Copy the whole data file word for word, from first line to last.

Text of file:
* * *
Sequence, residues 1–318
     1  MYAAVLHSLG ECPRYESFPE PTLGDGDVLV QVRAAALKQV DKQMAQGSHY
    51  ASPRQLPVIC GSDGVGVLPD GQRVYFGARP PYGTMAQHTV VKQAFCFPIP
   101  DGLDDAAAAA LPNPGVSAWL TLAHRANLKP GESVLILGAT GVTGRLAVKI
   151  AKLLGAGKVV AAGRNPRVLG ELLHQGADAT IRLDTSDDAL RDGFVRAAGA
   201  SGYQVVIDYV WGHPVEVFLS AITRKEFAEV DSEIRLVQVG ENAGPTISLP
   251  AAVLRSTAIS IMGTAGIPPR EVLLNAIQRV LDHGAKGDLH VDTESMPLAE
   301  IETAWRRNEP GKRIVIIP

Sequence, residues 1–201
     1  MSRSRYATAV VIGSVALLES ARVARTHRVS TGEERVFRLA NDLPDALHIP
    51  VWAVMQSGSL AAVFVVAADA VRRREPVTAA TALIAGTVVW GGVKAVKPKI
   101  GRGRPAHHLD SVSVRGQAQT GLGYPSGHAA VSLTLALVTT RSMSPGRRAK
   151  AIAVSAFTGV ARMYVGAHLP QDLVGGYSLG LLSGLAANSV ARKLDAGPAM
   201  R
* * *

Sequence, residues 1–318
     1  MYAAVLHSLG ECPRYESFPE PTLGDGDVLV QVRAAALKQV DKQMAQGSHY
    51  ASPRQLPVIC GSDGVGVLPD GQRVYFGARP PYGTMAQHTV VKQAFCFPIP
   101  DGLDDAAAAA LPNPGVSAWL TLAHRANLKP GESVLILGAT GVTGRLAVKI
   151  AKLLGAGKVV AAGRNPRVLG ELLHQGADAT IRLDTSDDAL RDGFVRAAGA
   201  SGYQVVIDYV WGHPVEVFLS AITRKEFAEV DSEIRLVQVG ENAGPTISLP
   251  AAVLRSTAIS IMGTAGIPPR EVLLNAIQRV LDHGAKGDLH VDTESMPLAE
   301  IETAWRRNEP GKRIVIIP

Sequence, residues 1–201
     1  MSRSRYATAV VIGSVALLES ARVARTHRVS TGEERVFRLA NDLPDALHIP
    51  VWAVMQSGSL AAVFVVAADA VRRREPVTAA TALIAGTVVW GGVKAVKPKI
   101  GRGRPAHHLD SVSVRGQAQT GLGYPSGHAA VSLTLALVTT RSMSPGRRAK
   151  AIAVSAFTGV ARMYVGAHLP QDLVGGYSLG LLSGLAANSV ARKLDAGPAM
   201  R